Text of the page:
Pandemic Reveals the Perverse Incentives of 'Larger is Better' in K-12 Education
The COVID-19 pandemic, has exposed the education system and all of its strengths and weakness. Of all the entities affected by the shelter-in-place order, arguably the most fragile of these is our public schools. School is where children are socialized and learn to become active, engaged, critical-thinking citizens. Yet, with schools closed, and the shift to online learning, engaging students is more difficult than ever. That is, for some schools.
While most districts, schools and administrators are focused on enrollment and average daily attendance (ADA), some schools are focused on really serving the needs of its students. With ever increasing demands on teachers to ensure student learning, and to serve all students by providing FAPE, a free appropriate public education, the cost to educate students continues to rise. Thus, the focus of most schools becomes a rush to enroll and place as many kids into schools and classrooms as physically possible. While high enrollment numbers ensure greater funding from the state and stronger financials, left to chance is the quality of students’ educational experience.
COVID-19 further highlights the drawbacks of focusing on enrollment instead of students’ learning experience. With many schools struggling to issue technology, school supplies and engage with families during this time, others have somehow transitioned seamlessly. Our school, Crete Academy, is one of the schools that transitioned smoothly to online learning while continuing to maintain close connection with our families. How was that possible? Our focus is not on enrollment, but instead on quality.
I have worked in many charter and district schools throughout my career, and regardless of the type of school, one theme remains in common: a focus on enrollment and ADA. The fear of running a deficit, due to a loss or decrease in enrollment is instilled in the staff. Therefore, pressure on teachers to continue adding students throughout the year, despite the classroom not being large enough or the culture of the class suffering, is overwhelming. Still, schools are treated as businesses, with students as clients and the bottom line being revenue, which is driven by enrollment and attendance. The irony here is obvious: public schools are often asked to “think more like businesses” – and they are when it comes to garnering public revenues – often to the detriment of student and parent engagement. It’s a classic perverse incentive scenario.
At Crete, we see things differently. Our focus is on providing a high quality education to our students. Crete Academy is a non-profit charter school for students TK-6th grade in South Los Angeles. The mission of Crete is to serve students experiencing homelessness and poverty. To that end, we cannot focus our attention on enrollment or we sacrifice the quality of our instructional program and level of service. Crete opened its doors in 2017 with 110 students and ended the year with 130 students. For the past three years, we have added between 30-40 students each year, for a total this year of 182. We have intentionally kept enrollment low so that we could truly meet the needs of our students and families.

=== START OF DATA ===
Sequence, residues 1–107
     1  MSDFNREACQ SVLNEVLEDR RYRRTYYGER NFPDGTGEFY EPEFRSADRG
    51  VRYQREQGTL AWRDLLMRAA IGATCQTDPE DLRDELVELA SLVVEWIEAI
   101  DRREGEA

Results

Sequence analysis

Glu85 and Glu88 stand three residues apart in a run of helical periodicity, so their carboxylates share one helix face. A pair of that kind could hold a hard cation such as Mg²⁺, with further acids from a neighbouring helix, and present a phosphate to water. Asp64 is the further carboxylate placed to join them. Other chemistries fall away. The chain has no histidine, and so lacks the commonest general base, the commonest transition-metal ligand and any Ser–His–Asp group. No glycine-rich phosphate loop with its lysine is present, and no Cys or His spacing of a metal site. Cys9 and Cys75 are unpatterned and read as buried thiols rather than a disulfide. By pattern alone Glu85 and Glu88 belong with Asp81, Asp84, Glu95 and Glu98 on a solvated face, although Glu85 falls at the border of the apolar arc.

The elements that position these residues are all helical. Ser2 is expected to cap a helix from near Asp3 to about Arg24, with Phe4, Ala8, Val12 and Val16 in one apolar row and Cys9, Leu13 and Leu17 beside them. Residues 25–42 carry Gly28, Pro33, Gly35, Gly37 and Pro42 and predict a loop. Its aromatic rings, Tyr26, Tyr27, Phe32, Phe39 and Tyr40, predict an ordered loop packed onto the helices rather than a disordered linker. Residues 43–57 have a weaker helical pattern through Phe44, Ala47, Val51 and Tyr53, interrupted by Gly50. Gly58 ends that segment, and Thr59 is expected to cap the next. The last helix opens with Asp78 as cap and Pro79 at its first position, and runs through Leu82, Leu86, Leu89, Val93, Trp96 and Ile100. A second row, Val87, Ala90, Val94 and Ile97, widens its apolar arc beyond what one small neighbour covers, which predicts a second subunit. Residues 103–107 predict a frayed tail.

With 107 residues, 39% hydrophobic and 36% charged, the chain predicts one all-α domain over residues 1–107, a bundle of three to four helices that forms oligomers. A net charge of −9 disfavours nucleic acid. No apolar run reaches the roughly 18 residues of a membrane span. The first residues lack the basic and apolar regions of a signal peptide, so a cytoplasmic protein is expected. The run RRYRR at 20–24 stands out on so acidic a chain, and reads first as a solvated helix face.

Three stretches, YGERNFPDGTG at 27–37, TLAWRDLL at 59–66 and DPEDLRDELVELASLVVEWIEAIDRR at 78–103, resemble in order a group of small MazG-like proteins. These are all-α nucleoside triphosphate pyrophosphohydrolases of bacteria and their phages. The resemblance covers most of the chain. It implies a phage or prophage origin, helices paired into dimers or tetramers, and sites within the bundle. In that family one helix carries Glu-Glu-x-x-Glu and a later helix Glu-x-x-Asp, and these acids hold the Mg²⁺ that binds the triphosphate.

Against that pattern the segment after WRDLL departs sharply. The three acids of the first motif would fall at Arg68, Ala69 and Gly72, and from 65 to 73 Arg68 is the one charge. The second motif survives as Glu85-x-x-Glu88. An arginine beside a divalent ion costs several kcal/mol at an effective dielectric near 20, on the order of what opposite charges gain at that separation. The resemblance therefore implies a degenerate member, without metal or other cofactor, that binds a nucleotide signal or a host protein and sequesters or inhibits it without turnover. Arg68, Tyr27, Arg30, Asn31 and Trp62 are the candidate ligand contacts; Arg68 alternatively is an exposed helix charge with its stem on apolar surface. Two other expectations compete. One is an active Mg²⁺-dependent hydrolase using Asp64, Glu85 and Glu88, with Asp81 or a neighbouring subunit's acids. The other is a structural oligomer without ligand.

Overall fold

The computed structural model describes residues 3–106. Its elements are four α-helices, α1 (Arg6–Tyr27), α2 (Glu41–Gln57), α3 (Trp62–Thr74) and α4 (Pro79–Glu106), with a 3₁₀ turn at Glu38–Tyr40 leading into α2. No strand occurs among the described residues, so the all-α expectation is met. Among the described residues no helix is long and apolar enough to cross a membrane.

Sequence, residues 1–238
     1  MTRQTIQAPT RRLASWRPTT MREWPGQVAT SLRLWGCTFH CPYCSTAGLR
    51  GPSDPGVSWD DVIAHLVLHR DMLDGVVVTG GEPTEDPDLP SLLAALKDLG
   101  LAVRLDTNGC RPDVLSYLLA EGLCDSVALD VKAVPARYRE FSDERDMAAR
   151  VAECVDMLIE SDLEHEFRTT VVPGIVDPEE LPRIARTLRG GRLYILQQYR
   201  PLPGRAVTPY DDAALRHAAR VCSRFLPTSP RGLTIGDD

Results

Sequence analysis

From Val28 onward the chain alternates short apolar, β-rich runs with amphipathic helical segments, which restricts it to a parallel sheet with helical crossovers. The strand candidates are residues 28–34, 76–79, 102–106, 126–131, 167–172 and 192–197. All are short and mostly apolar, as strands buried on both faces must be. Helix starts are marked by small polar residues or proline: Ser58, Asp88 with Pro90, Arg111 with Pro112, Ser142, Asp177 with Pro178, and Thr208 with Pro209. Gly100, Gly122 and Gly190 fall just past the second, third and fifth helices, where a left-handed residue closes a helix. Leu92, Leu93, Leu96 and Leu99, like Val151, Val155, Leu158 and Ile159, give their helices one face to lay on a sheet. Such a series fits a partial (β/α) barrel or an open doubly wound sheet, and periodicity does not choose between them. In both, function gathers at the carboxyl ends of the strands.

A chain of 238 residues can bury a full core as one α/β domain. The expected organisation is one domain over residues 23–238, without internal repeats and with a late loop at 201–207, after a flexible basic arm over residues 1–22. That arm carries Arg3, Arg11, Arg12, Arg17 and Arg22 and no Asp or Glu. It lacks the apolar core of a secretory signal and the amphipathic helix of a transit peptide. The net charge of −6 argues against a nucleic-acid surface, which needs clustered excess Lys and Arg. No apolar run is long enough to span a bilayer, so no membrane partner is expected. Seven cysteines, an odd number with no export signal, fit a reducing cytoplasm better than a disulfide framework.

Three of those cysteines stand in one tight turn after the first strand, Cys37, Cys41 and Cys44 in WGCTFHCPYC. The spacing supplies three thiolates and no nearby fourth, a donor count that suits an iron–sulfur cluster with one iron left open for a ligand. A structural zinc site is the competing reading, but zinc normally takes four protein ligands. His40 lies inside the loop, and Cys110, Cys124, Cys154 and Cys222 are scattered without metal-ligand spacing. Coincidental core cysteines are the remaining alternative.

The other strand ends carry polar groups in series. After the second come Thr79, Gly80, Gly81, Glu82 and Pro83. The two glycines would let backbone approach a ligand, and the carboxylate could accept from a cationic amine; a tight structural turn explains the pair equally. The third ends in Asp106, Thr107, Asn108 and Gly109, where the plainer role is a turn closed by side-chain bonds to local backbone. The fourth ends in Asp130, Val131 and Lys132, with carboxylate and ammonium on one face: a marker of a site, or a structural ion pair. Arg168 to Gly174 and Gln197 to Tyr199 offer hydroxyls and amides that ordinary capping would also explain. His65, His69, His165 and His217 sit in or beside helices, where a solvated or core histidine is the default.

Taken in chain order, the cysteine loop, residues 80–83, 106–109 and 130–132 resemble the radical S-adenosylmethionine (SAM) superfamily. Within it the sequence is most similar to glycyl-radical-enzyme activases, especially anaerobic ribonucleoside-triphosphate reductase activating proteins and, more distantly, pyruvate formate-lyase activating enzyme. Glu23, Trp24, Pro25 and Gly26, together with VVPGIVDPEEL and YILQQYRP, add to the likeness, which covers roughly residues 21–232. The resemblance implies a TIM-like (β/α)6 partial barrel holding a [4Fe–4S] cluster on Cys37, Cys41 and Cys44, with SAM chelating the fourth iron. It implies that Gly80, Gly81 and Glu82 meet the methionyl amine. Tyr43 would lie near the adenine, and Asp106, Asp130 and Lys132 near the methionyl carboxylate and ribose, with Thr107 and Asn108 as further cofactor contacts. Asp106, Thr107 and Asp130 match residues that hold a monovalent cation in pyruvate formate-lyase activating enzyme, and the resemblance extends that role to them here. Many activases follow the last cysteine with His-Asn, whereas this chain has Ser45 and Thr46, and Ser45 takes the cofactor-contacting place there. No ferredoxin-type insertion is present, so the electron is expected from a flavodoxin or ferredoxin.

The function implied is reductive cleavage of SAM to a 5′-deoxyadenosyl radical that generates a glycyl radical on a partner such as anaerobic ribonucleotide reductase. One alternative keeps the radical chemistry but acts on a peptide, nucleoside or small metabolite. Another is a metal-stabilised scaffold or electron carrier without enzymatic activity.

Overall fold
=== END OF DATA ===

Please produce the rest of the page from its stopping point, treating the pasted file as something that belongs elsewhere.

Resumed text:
Part of the approach at Crete is to build trusting relationships with our students and families. Because we are a small school, it is fairly easy to forge these relationships with all of our students and their families. I know the names, stories, worries, fears and dreams of my students. With the transition to online learning, as the result of COVID-19, many of our supporters and donors worried about our students and families. I too, was concerned, as I know that they are already struggling financially, emotionally and mentally. The pandemic further exacerbated many of their personal and financial struggles. However, since we are a small and have close knit relationships, the transition was seamless.
We were able to provide technology, hotspots, school supplies and food to 100% of our students and families in need. Private funding was secured to provide grocery gift cards to over 100 families, and ensure our community had access to proper nutrition during this time. By providing regular communication, taking attendance, reviewing participation notes from teachers and making phone calls and house visits, our team has maintained the close bond that we have built with our students even during the pandemic.
As we look to re-entry plans for the 2020-21 school year, districts and schools are still working hard to figure out what our return will look like. For large schools, planning is even more compounded, as creating safe distance between students and teachers and students and students, is nearly impossible in some schools. At our school however, reentry planning includes 25 staff and 200 students. Creating safe distancing plans and developing stricter sanitation guidelines is feasible. It seems that the focus on quality and not quantity is glaring at us now more than ever.
The focus on enrollment and budgets being school’s bottom line has to change. The goal of education is to develop the best gifts and talents of the next generation in hopes that the world will continue to improve and evolve. To truly invest in people, we have to meet their individual needs, especially our most vulnerable humans, children in poverty. As such, schools must remain small, connected and focused on quality. Only then, can we adjust to pandemics, poverty and other barriers plaguing the educational experience of the next generation.